Wednesday, 14 August 2013

An Unfortunate Day

I have had an awful day today. This post is rather painful for me to write as the experience is still raw. Bear in mind, I'm still grieving as I write this, and flashes of anger may appear. I have tried my hardest to be as fair as I can while writing this, but I am not sure if I have achieved this. So please bear that in mind when you read this, I must emphasise that the staff here are overworked and try their best, I have nothing against them and they do a brilliant job. I must also stress that at no point was I at risk of dying through this event, nor did I believe that I would die, nevertheless it was an extremely traumatic experience. Please read this with an open mind and do not judge harshly. After all, the first person to present their case seems right until another comes with questions and you hear the other side of the story. That said, let us begin. 

Today, I had a platelet transfusion - platelets are you used to help the blood clot and my levels were low hence the need for the transfusion. They hung the clear bag with yellow fluid neatly on Boffin, my drip stand, and set him to start transfusing. All was well through the process, that was until Boffin sounded the familiar Bing Bong indicating his job was done. I noticed that I had problems swallowing, my windpipe was clear, it was just very suddenly painful to swallow. At this point, I wasn't too concerned thinking that maybe my throat was dry, unfortunately water didn't help. But still, not too concerned because my airway was open, I was still breathing and I had a pulse - ABC check. The nurse came in, and I told her I had problems swallowing; she looked at the inside of my throat and but couldn't see anything suspicious. She went out the room to get a flush and when she came back I had a full blown urticarial (hives) rash and I was trembling. I was having an allergic reaction to the platelets. The nurse came back with drugs to counteract this reaction and administered them. Unfortunately, my heart rate hit the roof, I could feel my heart thumping furiously against my chest wall and I was starting to lose control of my breathing and began to hyperventilate. I was then left alone. Predictable my symptoms got worse, but still I had slight comfort in the fact that in terms of basic life support training I was in no risk of dying.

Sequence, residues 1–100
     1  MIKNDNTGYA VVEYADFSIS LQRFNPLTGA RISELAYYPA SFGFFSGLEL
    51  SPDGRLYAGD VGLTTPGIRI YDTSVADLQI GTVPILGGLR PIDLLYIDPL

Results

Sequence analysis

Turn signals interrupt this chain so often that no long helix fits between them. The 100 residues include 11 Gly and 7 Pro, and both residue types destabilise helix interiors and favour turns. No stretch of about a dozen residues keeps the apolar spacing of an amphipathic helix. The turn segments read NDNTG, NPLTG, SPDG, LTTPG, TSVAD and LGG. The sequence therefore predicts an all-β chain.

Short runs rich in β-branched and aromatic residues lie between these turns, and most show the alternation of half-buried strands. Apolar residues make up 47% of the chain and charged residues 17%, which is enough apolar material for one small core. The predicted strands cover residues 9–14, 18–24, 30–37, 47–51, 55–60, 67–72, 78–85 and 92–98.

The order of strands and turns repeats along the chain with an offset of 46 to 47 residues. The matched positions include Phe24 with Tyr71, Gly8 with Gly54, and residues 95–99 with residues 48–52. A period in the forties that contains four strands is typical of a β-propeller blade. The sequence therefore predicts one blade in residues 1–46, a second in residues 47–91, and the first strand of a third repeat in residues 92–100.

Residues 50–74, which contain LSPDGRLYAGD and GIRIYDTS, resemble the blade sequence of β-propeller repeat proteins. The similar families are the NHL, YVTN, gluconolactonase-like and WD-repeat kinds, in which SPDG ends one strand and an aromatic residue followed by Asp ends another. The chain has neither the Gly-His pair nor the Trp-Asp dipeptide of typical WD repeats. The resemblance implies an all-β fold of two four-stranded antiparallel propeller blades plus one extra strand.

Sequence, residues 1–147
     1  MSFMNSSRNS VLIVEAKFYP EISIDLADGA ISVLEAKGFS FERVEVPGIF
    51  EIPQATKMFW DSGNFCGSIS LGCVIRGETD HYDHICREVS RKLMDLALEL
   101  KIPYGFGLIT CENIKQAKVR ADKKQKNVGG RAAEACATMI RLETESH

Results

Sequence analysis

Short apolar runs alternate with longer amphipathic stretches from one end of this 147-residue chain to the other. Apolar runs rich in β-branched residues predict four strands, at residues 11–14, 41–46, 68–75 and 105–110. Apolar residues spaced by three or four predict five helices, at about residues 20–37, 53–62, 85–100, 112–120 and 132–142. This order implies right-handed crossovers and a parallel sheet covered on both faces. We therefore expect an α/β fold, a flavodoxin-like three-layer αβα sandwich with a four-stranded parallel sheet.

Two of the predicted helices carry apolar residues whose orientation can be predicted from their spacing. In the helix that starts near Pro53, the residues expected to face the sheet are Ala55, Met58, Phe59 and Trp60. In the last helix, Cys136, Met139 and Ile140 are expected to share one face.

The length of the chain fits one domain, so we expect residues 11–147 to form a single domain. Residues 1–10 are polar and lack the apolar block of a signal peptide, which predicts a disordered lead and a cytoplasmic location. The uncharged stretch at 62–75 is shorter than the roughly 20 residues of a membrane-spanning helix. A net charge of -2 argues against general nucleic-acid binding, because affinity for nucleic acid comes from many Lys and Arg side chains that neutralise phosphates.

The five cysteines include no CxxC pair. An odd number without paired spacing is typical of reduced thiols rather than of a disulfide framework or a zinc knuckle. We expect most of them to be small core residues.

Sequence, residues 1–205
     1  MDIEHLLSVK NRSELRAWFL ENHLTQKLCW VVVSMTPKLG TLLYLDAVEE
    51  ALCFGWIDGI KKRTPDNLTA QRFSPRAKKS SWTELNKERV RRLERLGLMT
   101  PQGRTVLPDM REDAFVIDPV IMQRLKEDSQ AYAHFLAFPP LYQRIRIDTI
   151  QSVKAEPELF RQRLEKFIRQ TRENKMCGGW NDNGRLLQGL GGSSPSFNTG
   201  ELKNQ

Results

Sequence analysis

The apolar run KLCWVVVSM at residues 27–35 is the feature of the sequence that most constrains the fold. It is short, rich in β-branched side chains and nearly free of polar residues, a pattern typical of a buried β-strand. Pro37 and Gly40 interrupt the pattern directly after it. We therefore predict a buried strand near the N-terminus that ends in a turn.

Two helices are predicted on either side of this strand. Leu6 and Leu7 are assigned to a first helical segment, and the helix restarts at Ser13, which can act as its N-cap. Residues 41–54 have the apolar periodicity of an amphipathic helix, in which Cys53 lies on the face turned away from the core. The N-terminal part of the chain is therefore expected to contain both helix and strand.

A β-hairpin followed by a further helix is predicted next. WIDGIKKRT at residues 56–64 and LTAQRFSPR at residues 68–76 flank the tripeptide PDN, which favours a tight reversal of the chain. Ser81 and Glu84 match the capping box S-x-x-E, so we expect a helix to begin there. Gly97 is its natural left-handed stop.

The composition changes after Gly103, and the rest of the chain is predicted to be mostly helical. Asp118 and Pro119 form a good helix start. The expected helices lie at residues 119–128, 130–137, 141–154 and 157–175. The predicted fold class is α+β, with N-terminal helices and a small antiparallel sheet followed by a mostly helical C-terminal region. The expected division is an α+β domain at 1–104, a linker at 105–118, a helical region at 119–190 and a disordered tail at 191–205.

I waited a while, trying to get control of my breathing, knowing that now anxiety was setting in and exacerbating the problem. I couldn't take it anymore, I started to wheeze and the pain in my chest was unbearable. I pressed my buzzer, desperately hoping that someone would come quickly, despite past experiences. I thought, surely they would, they know I am having a reaction to the platelets, they know its a risky situation. But nobody came. I saw a number of people walk past my door to look at my chart, but none of them came in. I looked up at the crash buzzer which the staff used it and willed myself to pull it, but it was too far out of reach. In a last ditched attempt I shouted for help, when I saw someone near my door, but it took four attempts for someone to finally decide casually saunter in. He took one look at me and asked me what was wrong, all I could manage was the word nurse, with that he legged it out the room. The doctor came back, and took my pulse which he noted was very high and helped me get control of my breathing, he reassured me that my wind pipe wasn't going to close up but put me on a nebuliser because I was very weezy - the joys of asthma. I was comforted by the kindness of the doctor and the time he took to stay with me - being on your own in a room when no one comes to help is very frightening, for want of a better word, when you know time is of the essence. After the administration of the nebuliser, I finally fell asleep after my ordeal.